Have you ever heard people say they feel like the weight of the world is on their shoulders? When people say that, they're expressing weariness from feeling overburdened by stressful events in their lives. After all, the actual weight of the world would crush even the strongest superheroes, wouldn't it?

You bet it would! Think about the things that you can lift. Your pencil? No problem! Your backpack? It might be heavy on a day with a lot of homework, but it's no big deal. But what about the school bus you ride? Nope! You're not lifting that even an inch off the ground.

Now think about how big Earth is. Have you ever seen a huge rocky mountain? Can you imagine how many millions of pounds it must weigh? Now imagine all the mountains in the world…and realize that those are only a tiny fraction of all the “stuff" that makes up Earth.

It's really mind-boggling, isn't it? Is there even a way to weigh Earth? It's not like there's a big scale floating out there in space between Earth and Mars that our planet can step onto to see how much it weighs. So how could we ever learn how heavy our world is?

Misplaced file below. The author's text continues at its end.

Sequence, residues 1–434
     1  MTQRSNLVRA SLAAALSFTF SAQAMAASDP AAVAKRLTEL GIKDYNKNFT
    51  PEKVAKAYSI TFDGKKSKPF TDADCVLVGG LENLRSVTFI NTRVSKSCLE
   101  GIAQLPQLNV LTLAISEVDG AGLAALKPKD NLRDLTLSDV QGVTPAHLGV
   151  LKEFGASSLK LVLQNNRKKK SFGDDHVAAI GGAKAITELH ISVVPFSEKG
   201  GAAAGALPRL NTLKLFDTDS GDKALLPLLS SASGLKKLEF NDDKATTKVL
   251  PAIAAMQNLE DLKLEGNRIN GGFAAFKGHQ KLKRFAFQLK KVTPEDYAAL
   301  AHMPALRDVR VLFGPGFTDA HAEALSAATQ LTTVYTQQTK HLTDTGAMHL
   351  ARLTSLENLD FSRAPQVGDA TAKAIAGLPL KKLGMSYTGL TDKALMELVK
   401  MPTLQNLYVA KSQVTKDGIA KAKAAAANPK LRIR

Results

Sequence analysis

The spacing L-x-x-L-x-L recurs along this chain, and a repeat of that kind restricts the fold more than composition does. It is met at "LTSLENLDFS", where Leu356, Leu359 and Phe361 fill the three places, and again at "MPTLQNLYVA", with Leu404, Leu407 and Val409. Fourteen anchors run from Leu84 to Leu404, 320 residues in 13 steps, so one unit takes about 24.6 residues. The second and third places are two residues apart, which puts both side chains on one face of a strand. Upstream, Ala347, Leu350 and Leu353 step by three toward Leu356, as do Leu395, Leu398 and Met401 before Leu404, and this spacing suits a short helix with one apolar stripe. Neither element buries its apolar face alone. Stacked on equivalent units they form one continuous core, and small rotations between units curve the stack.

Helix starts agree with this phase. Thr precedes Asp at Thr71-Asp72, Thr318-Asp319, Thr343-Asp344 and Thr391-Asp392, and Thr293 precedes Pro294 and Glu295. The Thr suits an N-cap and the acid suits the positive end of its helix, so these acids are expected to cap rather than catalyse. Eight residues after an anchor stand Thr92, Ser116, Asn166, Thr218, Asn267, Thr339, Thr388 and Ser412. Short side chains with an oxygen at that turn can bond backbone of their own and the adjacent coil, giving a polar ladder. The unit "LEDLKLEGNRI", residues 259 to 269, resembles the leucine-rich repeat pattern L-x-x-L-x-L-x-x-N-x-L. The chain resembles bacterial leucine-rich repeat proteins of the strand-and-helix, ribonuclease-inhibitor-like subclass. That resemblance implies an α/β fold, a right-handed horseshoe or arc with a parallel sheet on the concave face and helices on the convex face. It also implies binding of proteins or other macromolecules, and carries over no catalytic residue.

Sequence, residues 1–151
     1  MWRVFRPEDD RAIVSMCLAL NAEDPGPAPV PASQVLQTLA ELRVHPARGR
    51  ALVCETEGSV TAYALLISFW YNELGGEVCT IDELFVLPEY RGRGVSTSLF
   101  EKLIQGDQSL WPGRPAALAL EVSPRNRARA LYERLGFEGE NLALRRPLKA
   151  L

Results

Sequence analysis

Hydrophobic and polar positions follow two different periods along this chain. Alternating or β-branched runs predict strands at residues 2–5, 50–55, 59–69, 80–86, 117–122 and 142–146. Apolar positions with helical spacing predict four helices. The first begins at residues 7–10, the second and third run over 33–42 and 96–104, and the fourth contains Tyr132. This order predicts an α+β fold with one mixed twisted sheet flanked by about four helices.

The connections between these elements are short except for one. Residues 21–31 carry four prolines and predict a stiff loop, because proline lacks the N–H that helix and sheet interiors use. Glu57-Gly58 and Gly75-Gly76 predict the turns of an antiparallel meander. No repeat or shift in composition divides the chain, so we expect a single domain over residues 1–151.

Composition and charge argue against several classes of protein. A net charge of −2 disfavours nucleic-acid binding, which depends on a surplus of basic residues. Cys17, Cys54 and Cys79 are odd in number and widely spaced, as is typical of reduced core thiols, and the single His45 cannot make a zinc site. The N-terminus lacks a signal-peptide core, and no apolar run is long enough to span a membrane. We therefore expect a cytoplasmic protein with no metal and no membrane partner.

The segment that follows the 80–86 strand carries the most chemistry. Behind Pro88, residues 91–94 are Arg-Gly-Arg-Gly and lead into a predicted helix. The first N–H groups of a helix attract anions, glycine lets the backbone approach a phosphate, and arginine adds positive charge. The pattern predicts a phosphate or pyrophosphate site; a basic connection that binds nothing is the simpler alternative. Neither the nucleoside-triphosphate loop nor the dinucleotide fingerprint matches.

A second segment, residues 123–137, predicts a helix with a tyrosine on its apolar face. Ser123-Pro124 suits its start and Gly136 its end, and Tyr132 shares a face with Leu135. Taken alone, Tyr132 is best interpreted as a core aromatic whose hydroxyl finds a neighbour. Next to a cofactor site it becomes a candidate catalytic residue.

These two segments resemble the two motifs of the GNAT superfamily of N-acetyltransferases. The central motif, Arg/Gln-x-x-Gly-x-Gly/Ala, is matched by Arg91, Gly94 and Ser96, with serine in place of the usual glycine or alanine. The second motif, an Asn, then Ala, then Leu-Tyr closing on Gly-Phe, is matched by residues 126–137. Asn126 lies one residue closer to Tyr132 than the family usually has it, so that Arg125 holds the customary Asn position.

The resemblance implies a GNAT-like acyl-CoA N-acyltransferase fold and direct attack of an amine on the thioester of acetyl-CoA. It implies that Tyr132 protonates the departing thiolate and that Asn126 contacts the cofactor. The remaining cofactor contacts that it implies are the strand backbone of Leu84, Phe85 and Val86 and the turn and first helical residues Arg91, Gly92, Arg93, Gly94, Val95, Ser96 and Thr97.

Leave it to the mathematicians and scientists to use what they know about Earth and the laws of physics to figure out how heavy Earth is. Of course, the first thing they'll tell you is that they estimate Earth's mass, not its weight.

Weight is actually a measure that is dependent upon a gravitational field to determine. For example, you weigh six times more on Earth than you would on the Moon, because Earth's gravitational force is six times that of the Moon.

To measure Earth's weight, one would need to calculate it based upon Earth being in the gravitational field of another object, such as the Sun or another planet. Instead, scientists and mathematicians estimate Earth's mass, which is a measure of the amount of matter that makes up Earth and is a constant that doesn't depend upon a gravitational field.

The force of gravity is still involved in estimating Earth's mass, however! The laws of physics state that any two objects will have a gravitational attraction between them. For two spherical objects, scientists and mathematicians have developed a formula to calculate this force.

Using this formula, you can figure out the mass of one of the spherical objects if you know the radius of that object and the mass of the other object. Scientists know that Earth's radius is 6,999,125 yards. Using a simple sphere with a known mass, scientists and mathematicians can then calculate Earth's estimated mass.

After completing their calculations and double-checking their numbers with a calculator or a computer, scientists and mathematicians have concluded that Earth's mass is approximately 13,170,000,000,000,000,000,000,000 pounds! In scientific notation, that's 1.3 x 10^{25} pounds.

Can you believe it? Is Earth fat? Nope! Earth is simply the largest of the terrestrial or rocky planets in our solar system. The fact that Earth's surface and mantle are about one-third iron and Earth's core is over 90% iron makes Earth a very heavy planet indeed!